01 leveraging global innovation to avoid a continued low-growth scenario: The global economy is not back on track. Concerns about weak future output growth and low productivity are now serious. In this light, uncovering new sources of productivity and future growth are the priority. If R&D expenses or incentives to innovators are not sustained, the progress accumulated in the previous years can vanish quickly.


02 need for a global innovation mindset and fresh governance frameworks: Science and innovation policies should also become more inclusive of developing countries. Are new governance systems needed to improve global innovation cooperation? This question should be at the centre of future innovation policy debates. A new global innovation mindset can provide a timely counter to rising sentiments of nationalism and fragmentation.


03 innovation is becoming more global but divides remain: The GII rankings have shown a remarkable level of global diversity among innovation leaders over the years.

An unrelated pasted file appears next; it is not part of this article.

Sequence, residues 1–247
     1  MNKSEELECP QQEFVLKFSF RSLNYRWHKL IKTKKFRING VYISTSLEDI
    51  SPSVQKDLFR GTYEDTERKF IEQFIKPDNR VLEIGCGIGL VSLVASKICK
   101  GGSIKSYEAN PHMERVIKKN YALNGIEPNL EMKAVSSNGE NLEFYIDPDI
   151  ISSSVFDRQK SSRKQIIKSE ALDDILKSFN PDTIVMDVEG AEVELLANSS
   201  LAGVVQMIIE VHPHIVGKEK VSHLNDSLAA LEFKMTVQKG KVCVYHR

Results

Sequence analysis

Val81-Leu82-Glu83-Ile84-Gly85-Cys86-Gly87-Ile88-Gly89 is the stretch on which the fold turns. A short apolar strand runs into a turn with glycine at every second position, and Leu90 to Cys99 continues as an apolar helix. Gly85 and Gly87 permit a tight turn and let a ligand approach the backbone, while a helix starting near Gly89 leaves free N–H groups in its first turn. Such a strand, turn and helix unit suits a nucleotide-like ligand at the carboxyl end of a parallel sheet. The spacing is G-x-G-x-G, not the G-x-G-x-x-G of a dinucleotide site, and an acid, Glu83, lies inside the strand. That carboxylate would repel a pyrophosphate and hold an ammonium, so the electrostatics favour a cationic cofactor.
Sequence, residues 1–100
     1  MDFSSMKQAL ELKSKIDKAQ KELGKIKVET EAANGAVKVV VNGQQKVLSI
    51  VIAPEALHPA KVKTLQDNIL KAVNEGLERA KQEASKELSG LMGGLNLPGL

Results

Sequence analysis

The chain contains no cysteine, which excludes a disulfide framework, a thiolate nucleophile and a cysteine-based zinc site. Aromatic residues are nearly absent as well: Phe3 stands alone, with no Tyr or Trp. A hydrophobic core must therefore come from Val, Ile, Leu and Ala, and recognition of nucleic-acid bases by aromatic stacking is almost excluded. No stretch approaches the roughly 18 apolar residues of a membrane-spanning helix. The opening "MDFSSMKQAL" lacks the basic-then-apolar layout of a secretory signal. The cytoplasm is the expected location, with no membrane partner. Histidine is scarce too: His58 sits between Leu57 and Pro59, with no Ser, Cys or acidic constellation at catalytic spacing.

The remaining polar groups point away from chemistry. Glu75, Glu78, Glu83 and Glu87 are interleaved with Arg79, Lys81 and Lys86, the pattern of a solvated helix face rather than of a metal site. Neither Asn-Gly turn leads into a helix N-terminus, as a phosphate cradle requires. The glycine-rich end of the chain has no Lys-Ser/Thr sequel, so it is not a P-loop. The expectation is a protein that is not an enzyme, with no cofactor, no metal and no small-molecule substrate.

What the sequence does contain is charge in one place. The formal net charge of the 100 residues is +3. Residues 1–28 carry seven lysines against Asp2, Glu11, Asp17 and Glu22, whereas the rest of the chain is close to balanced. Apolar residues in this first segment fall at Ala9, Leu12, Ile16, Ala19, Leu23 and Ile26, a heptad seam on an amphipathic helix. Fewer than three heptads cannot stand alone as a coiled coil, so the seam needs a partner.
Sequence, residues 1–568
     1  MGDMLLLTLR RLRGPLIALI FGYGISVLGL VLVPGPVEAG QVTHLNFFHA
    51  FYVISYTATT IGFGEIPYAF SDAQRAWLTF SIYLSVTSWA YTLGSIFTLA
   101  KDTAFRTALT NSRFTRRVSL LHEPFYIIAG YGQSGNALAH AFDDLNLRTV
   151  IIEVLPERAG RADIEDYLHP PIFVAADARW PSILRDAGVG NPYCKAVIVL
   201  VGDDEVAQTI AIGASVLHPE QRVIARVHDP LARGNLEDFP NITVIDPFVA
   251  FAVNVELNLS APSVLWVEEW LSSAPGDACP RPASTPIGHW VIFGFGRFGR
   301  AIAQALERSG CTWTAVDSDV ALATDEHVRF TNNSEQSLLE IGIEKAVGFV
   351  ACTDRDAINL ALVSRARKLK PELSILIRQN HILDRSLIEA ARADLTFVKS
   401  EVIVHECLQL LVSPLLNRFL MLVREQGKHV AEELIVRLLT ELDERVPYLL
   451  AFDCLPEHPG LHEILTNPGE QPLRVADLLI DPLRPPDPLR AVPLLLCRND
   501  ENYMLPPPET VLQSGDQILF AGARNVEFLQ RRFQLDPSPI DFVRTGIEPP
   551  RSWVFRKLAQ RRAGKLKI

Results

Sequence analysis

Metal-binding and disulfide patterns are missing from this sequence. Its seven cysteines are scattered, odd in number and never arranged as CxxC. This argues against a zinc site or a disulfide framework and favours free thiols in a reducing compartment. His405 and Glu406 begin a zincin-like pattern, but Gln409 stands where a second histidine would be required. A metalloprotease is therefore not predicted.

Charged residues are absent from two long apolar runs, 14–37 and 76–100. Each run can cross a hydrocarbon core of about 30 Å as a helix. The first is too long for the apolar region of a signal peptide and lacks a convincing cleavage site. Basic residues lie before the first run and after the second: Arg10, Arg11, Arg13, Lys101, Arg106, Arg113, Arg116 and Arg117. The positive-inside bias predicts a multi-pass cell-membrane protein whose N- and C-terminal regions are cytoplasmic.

In 2016, the GII remains relatively stable at the top. Yet, a symbolic first step in closing the divide between developed and developing countries has also been made—China is the first middle-income economy to join the top 25 of the GII. It is likely that other emerging economies, such as India, will continue moving up the ladder of innovation performance.


04 there is no mechanical recipe to create sound innovation systems; entrepreneurial incentives and ‘space for innovation’ matter: How best to create innovation systems that enhance innovation quality is becoming a core challenge in all types of economies. Governments should focus on providing enough space for entrepreneurship and innovation; the right incentives and encouragement to bottom-up forces such as individuals, students, small firms, and others; and a certain ‘freedom
to operate’ that often challenges the status quo is part of
the equation.


how is india doing? what are india’s prospects?